One place where these games have a flaw is that their presentation is fairly bare bones, and mostly unchanging over the years. The only real changes in the layout and design of their books came when they changed from old wax roll cut and paste physical page layouts to more modern electronic layout and publishing manners. One problem in both methods is that mistakes tend to be preserved, and propagated, as rules are copied and pasted from one book to another. The information design of a Palladium book is dense, and it isn't always easy to find material at first, because rules can end up in a number of different places. The lack of indices can also make finding rules difficult. This can add to the learning curve for a Palladium game and add to the perception that the games are broken. It can also be a pain in the behind when you need to find something during play. Palladium can definitely improve in this regard.

    One strong selling point for Palladium's games is that they aren't as expensive as other games. Most Palladium games are softcovers, and the printing is done in black and white. While the games all have a number of supplements available for them, they are ultimately unnecessary to have. Palladium games are self-contained and inexpensive. My copy of Heroes Unlimited is 352 pages with a cover price of $26.95. I picked it up probably 15 or so years ago, replacing the earlier edition that I bought in college. My copy of Ninjas & Superspies is still the copy that I picked up in college in the 1980s, which cost $14.95 and has 176 pages. A quick peek at the Palladium website shows that Heroes Unlimited is still priced the same, while Ninjas & Superspies has increased to $20.95. It is really hard to find a lot of role-playing games with these page counts, at these price points. The games are also more or less the same games they were when I first started playing them. Heroes Unlimited has added a lot more material since the edition I first picked up in college (it was originally about the same size as Ninjas & Superspies when I started playing it), while Ninjas & Superspies is unchanged.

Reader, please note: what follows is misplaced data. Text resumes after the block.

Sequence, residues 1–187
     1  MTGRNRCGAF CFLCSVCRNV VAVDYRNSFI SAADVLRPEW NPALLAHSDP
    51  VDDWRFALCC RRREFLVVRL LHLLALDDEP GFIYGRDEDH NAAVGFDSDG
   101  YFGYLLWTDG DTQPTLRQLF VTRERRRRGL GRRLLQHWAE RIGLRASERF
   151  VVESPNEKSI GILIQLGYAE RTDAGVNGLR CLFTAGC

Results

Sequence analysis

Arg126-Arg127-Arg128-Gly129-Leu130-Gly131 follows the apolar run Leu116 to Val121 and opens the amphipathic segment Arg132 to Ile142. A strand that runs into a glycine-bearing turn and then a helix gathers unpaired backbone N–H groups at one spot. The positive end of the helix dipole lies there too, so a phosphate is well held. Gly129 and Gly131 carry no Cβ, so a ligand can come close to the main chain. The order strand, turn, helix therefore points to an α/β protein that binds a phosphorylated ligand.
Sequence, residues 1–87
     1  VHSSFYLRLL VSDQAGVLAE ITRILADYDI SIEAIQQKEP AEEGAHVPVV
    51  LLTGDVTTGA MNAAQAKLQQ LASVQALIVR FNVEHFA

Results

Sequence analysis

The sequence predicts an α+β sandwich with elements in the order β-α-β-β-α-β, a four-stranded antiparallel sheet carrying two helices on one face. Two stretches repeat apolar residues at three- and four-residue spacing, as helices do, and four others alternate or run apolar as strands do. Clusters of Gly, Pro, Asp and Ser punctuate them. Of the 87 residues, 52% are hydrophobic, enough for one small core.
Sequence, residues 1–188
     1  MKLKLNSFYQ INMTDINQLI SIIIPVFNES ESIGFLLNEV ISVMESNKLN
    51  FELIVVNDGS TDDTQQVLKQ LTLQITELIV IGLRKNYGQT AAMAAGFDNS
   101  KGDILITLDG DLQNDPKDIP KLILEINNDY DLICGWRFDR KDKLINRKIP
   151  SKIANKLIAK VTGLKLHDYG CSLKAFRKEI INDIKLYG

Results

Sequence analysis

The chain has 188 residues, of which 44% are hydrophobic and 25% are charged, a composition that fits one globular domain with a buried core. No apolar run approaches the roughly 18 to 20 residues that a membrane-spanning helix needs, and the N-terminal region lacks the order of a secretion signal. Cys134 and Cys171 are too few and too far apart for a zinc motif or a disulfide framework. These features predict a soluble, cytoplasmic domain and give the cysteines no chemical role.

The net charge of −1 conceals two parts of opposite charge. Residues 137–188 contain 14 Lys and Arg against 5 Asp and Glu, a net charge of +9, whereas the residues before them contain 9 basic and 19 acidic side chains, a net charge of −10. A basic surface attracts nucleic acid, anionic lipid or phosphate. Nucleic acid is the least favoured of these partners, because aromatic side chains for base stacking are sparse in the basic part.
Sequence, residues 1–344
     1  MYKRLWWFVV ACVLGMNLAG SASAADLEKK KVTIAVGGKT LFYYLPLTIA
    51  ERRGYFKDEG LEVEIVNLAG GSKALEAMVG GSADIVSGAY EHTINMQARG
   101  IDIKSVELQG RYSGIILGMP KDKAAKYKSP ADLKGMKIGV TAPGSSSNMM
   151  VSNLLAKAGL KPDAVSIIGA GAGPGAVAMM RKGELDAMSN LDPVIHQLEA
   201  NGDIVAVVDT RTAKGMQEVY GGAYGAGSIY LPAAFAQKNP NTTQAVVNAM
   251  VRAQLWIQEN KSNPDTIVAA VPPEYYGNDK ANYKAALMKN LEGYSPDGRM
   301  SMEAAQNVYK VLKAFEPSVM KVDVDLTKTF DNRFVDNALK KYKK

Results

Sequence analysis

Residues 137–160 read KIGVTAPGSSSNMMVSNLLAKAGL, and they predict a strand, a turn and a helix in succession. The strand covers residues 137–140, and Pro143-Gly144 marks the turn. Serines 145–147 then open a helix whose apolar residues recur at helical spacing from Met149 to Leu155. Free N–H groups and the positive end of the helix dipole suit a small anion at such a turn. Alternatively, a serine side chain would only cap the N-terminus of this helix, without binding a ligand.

This can mean that material that you buy for these games is always going to work. If you happen to find a copy of the Justice Machine supplement for Heroes Unlimited (which I have never had, and would love to own a copy of), you can still use it with the current version of the game. That also means that you can convert material from your Rifts books, or other Palladium game lines, to Heroes Unlimited. Considering the gonzoness of most comic book universes, this can be a feature rather than a bug.

    Palladium games aren't going to be for everyone, but I think that if you are a fan of the OSR, or the various retroclones, that there will be something that will appeal to you in games like Heroes Unlimited or Ninjas & Superspies. They are good games, and there are solid reasons why they have stood the test of time. Yes, games like Rifts have been adapted to more contemporary game systems, but for those looking for a different sort of experience there is a lot of good stuff to be found in these games.